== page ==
The benefits of yoga are at the center of a program that insurer ConnectiCare has rolled out in several cities that, as the Farmington firm’s Senior Director of Public Relations and Corporate Communications Kim Kann puts it, “speaks to our mission of providing health and fitness to the communities we serve.”
Now operating in four cities, including Bridgeport, Yoga in Our City offers free classes throughout the state, with Hartford, New Haven and Waterbury rounding out the schedule. The one-hour Bridgeport classes, overseen by Great Heart Yoga owner Stacey Turechek, take place through Sept. 15 on Tuesdays at 5:30 p.m. at Veteran’s Memorial Park, and on Saturdays at 9 a.m. at Seaside Park, although Kann noted that classes are available every day of the week if one considers all four cities.
And, she said, some people travel from city to city to take advantage of the free classes.
“We’ve had people here from Stratford, Fairfield, Trumbull,” Turechek said. “It brings people from all levels in — there’ s no holding back. Sometimes people can be a little afraid to go to a studio because they’re not sure about their body or whether they’re wearing the right clothes — and there’s the financial barrier for some people as well. But by being free and open to everyone, it encourages them to try something they might not otherwise be comfortable doing.”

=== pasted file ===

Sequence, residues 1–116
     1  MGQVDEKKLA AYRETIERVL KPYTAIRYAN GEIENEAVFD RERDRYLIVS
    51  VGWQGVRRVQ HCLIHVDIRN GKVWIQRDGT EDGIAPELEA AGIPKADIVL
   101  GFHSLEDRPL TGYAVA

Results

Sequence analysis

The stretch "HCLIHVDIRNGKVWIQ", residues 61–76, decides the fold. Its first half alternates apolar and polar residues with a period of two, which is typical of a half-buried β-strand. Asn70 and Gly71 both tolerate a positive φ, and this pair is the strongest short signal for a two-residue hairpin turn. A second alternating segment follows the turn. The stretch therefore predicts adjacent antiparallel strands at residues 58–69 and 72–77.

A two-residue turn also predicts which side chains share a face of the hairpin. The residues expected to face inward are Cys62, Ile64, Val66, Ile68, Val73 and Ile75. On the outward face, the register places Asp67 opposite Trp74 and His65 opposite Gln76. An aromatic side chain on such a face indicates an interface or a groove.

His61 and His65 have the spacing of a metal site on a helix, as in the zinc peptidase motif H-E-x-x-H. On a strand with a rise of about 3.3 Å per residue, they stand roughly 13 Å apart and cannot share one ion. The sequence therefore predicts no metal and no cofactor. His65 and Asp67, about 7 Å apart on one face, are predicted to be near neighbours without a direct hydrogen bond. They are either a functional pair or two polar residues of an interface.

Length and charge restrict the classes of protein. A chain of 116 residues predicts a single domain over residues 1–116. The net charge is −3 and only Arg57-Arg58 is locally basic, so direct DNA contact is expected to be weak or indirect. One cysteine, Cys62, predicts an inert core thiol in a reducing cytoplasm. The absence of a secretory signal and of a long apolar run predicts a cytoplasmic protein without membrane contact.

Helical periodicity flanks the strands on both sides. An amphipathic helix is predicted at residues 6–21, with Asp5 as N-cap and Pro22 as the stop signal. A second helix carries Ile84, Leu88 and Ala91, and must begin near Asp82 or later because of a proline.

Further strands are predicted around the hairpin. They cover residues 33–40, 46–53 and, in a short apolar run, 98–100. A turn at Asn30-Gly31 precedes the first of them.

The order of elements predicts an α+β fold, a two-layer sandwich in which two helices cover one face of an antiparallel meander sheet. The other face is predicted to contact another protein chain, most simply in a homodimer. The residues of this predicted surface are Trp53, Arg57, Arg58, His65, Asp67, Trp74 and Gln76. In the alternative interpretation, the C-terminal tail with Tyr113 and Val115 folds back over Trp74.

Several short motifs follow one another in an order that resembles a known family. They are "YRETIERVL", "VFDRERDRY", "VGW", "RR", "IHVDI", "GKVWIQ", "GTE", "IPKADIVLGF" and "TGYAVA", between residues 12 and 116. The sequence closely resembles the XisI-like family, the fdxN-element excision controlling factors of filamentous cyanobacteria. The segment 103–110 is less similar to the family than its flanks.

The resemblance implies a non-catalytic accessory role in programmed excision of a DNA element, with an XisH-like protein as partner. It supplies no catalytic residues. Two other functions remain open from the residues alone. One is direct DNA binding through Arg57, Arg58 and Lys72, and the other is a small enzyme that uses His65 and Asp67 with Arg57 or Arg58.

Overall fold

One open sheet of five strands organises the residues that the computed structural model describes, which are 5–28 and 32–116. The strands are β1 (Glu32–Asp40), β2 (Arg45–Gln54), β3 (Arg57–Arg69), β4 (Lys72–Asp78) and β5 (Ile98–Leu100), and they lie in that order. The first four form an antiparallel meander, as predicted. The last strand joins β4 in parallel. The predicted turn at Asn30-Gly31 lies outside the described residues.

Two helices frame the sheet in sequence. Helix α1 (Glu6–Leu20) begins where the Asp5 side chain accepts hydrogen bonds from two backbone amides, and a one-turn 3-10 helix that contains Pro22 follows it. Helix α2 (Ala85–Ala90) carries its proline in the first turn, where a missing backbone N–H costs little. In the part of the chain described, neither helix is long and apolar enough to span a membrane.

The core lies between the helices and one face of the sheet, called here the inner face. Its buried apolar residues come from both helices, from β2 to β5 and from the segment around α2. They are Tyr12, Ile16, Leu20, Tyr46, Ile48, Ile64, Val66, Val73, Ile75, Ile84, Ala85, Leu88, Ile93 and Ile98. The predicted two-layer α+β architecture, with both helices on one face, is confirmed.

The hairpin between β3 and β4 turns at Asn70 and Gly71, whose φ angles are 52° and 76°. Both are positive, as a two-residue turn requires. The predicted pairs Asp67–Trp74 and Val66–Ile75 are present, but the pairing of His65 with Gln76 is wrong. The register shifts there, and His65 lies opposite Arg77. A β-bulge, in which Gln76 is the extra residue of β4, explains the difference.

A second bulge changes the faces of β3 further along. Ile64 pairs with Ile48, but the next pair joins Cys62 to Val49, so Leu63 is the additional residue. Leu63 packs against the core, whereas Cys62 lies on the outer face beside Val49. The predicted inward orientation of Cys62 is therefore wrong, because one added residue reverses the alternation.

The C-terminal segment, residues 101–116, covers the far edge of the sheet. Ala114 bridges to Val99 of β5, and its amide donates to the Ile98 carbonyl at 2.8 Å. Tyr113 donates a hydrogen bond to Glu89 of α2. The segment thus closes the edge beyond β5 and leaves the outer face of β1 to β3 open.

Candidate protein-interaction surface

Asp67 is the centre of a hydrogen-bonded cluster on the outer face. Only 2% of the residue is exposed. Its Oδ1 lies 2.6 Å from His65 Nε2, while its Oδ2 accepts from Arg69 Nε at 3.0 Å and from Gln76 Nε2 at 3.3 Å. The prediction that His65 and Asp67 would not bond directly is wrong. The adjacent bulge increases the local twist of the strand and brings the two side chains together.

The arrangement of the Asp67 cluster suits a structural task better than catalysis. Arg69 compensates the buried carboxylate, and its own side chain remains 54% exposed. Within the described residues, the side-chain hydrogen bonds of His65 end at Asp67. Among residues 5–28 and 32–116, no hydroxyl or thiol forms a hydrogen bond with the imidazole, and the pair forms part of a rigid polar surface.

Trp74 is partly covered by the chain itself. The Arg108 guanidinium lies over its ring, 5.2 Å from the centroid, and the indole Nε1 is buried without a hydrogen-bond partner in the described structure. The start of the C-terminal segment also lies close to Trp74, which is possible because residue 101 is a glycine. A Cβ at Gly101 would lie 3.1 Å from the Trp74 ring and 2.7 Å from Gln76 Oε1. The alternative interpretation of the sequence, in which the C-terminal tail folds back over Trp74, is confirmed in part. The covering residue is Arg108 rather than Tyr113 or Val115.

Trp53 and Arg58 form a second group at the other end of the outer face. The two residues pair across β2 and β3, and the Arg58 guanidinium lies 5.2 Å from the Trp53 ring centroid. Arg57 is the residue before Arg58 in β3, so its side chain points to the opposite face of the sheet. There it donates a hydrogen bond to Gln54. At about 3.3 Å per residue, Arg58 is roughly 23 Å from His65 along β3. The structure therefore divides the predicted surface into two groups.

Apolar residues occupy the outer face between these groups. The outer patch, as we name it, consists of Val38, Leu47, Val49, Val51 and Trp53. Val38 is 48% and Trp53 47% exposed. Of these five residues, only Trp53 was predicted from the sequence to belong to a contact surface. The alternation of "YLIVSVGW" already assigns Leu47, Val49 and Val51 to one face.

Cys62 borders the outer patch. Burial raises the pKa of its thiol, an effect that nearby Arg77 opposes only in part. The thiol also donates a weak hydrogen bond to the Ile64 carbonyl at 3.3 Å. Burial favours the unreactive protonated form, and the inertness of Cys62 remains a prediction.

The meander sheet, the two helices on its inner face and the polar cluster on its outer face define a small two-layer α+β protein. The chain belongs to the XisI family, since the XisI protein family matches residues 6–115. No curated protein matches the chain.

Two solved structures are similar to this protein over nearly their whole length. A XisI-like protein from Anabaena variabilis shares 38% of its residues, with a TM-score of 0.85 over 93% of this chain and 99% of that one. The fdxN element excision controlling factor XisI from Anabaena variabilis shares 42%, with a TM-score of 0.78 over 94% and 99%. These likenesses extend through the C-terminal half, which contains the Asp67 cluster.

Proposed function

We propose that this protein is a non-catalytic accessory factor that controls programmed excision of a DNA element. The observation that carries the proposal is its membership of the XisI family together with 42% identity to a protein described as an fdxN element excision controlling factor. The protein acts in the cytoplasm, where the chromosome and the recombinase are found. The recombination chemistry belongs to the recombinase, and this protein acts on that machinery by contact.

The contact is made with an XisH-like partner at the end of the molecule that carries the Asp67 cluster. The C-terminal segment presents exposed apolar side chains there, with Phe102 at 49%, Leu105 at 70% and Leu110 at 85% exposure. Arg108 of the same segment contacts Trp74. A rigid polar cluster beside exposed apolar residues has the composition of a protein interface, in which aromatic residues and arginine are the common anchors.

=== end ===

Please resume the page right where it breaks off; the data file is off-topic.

Kann noted that Yoga in Our City accommodates participants culturally as well, with Spanish-language classes available at Hartford’s Pope Park.
“I think most people associate yoga with relieving stress, which is certainly true,” Turechek said of the health benefits of the discipline. “Moving your body a bit can make you feel better and the whole meditation aspect is valuable, too.
“But there’s a physical aspect to it as well. It can relieve pain, lower high blood pressure, lower cholesterol, even relieve insomnia. People of all capabilities can do it. I think it can heal just about anything, honestly — but then I would think that,” she laughed, “given what I do.”
ConnectiCare became a presenting sponsor of Yoga in Our City in 2013. The initiative was started by T.J. Clynch, founder of Hartford consultancy Civic Mind, in 2011.
“T.J. approached us with the idea, and we loved it,” Kann said. “It made perfect sense for us to get involved, since it’s such a good fit with our mission and our culture of giving back to the people of our state.”
When the decision was made to expand into Fairfield County, Bridgeport was the obvious choice, Kann said. “It was really important for us to find the right place in the county. We have an office and center at 4551 Main St., which gets a lot of traffic.”
She said the Bridgeport classes average about 25 people per session, while in Hartford and New Haven “they can go well over 100.”
And once people try it, they tend to come back. “I’d say that 99% of the time, if they take one class, they will return,” Turechek said. “And if it’s not their thing, there’s no worries. You have absolutely nothing to lose.”
Kann also affirmed that ConnectiCare has committed to remaining on the state’s health insurance exchange, Access Health CT, having submitted its rate proposals to the Connecticut Insurance Department on July 8. Along with Anthem, it is one of two insurers to be available on the exchange for the past five years.